City leaders take notes from Roswell, Woodstock for redevelopment ideas

Several City staff and elected officials recently visited Roswell and Woodstock to learn more about their downtown redevelopment successes. Pictured (l-r) are Mayor Ed Johnson, council members Harlan Shirley, Kathaleen Brewer and Rich Hoffman, Fire Chief Alan Jones, and Downtown Development Director Brian Wismer. City Manager Ray Gibson, who took this photo, was also on the trip.

The City of Fayetteville reached another downtown redevelopment milestone on Oct. 4, when City Council members approved hiring Atlanta-based architectural firm Goodwyn, Mills & Cawood to work on the new City Hall and park space project, which will be developed on the former Fayette County Board of Education 10-acre site fronting Stonewall Avenue. Demolition work is due to begin in early 2019, followed by land-grading work in the spring, and the new City Hall is expected to be open by summer 2020.

City leaders for nearly two years have visited other cities in the Atlanta area, including Duluth, Suwanee, Sugar Hill, and Milton, to learn about their experiences of building new city halls and of redeveloping portions of their downtown districts. In September, Woodstock and Roswell were added to the list.

“In Roswell, they stressed the importance of incentivizing business development through infrastructure,” said Fayetteville Downtown Development Director Brian Wismer, who was one of the City officials to join in the single-day, two-city tour. “They focus on building streets, underground utilities, et cetera, that facilitate new business growth.”

Wismer said the group learned a lot in Woodstock as well.

“One of the mixed-use developers in Woodstock has filed a rezoning request in Downtown Fayetteville,” Wismer said. “We were able to tour his development there and get a good feel for the quality of their product. The city leadership in Woodstock was very complimentary of the developer as a community partner.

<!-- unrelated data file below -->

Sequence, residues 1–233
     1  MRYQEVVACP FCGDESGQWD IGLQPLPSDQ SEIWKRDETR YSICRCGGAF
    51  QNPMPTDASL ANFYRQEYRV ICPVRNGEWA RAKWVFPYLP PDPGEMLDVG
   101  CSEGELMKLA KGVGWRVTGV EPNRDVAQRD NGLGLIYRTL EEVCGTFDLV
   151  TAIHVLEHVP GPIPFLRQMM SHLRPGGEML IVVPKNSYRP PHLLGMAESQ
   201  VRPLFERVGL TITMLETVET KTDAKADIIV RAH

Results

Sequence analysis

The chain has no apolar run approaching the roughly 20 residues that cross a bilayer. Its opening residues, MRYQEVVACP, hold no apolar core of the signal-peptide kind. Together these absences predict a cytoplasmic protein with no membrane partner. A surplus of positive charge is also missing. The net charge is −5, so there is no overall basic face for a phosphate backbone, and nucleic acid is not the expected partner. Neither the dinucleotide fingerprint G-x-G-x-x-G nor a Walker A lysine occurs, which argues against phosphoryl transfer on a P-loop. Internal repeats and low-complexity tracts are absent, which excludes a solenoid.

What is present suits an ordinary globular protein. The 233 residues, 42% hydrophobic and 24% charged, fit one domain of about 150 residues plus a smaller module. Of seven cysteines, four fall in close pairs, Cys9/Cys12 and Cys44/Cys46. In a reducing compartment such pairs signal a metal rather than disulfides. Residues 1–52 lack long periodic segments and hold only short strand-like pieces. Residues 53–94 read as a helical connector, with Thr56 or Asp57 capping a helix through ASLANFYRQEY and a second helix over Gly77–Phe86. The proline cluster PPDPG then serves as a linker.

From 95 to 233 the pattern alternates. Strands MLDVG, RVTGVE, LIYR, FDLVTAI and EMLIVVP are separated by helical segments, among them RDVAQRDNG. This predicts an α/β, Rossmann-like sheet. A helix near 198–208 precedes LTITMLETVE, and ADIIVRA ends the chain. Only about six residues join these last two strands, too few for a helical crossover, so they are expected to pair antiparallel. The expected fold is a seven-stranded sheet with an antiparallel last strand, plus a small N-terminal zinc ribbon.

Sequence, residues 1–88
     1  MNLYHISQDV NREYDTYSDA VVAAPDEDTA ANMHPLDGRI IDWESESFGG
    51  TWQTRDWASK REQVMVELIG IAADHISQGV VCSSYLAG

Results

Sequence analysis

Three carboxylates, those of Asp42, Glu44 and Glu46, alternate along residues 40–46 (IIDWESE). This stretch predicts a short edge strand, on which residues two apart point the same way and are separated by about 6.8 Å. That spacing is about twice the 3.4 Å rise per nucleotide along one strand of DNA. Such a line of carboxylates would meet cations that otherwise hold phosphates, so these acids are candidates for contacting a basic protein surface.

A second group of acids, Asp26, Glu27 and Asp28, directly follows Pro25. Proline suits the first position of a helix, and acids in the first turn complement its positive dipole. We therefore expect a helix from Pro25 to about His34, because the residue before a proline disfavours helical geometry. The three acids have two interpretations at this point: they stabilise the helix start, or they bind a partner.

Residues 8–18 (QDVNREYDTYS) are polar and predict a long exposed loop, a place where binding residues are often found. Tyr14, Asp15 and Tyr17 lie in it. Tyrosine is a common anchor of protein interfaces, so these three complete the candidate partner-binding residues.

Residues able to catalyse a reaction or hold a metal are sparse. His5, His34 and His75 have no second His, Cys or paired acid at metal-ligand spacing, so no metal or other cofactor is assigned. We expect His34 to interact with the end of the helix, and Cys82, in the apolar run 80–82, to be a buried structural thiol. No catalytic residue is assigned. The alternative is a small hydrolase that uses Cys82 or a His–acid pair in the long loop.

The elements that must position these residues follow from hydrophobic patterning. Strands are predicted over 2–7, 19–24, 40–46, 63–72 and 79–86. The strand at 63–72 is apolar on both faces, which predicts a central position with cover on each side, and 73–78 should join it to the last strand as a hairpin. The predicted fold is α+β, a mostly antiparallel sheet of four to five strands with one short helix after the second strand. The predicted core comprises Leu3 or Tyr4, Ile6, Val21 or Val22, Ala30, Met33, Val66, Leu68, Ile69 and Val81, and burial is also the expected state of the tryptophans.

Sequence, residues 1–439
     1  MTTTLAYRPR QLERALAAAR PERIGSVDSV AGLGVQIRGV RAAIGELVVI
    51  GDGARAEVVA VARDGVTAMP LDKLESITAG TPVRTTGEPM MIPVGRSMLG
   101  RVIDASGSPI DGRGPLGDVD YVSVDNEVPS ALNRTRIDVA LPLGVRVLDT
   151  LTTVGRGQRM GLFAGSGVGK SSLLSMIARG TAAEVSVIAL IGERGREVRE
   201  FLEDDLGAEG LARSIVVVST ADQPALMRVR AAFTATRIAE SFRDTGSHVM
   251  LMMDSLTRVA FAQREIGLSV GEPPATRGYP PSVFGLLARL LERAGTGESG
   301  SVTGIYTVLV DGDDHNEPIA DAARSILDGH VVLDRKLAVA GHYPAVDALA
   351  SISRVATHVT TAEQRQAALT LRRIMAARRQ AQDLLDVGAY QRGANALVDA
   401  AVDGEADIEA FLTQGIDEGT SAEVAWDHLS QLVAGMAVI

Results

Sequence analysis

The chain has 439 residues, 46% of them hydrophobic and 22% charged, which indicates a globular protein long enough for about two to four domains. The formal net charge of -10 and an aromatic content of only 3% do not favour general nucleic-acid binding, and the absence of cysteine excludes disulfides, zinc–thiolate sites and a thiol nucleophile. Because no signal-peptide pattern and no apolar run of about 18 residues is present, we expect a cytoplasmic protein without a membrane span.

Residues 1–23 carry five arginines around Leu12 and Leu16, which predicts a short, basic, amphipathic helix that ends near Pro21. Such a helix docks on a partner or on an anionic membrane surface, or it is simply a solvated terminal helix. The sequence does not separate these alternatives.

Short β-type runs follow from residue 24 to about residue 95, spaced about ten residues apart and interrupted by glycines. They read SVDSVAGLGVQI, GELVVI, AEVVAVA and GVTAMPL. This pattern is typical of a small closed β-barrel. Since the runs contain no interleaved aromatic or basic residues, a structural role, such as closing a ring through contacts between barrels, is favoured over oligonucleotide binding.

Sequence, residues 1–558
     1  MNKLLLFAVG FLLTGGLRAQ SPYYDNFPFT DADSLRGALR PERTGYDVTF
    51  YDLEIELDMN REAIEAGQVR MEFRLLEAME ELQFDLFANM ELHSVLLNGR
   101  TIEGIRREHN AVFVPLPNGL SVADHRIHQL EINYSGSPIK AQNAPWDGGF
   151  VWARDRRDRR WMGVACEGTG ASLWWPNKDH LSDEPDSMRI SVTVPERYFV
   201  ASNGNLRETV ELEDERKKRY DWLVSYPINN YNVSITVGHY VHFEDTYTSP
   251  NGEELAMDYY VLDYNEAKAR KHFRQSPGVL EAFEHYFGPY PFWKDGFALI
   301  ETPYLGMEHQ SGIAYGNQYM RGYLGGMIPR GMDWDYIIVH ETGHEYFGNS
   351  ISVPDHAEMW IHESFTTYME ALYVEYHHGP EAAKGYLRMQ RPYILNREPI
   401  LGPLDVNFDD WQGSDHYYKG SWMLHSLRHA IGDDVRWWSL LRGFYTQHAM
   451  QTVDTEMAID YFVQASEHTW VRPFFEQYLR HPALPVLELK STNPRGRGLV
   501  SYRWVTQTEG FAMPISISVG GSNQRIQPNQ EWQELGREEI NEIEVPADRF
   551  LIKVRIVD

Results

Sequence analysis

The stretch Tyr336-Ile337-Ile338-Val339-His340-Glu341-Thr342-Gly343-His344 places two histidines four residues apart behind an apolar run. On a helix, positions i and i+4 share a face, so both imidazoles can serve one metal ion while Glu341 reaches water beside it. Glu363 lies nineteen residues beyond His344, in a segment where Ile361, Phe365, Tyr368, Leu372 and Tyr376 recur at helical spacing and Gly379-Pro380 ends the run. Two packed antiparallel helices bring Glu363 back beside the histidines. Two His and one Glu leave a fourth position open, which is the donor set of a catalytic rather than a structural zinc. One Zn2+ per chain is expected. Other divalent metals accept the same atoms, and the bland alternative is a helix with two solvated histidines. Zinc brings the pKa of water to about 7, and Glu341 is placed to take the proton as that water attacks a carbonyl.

“We also heard about the values of proper street planning for cars and pedestrians to maintain a welcoming feel in the Historic Downtown District,” Wismer added.

While much of this talk of redeveloping Downtown Fayetteville may seem new to some, others know that redevelopment plans actually surfaced well before the 2007 financial downturn, which put everything on hold.

“The City got serious in 2008, when the Fayetteville Downtown Development Authority purchased the old Travis Hardware building on the Old Courthouse Square and began searching for a signature tenant to help redefine the Square,” said Wismer. “But it was The Olde Courthouse Tavern that really showed that a restaurant on the Square could be successful. We have built on that success ever since.”

Now the Old Courthouse Square is home to four successful restaurants: The Olde Courthouse Tavern, Twisted Taco, Oz Pizza, and Margarita Momma’s. Two other establishments just off the Square, Dunkin’ Donuts to the north and City Café to the south, have been doing well for many years.

Learn more about the City’s downtown redevelopment efforts by visiting www.fayetteville-ga.gov and searching for “Downtown Master Plan”.

Oct 16, 2018 10:02 am |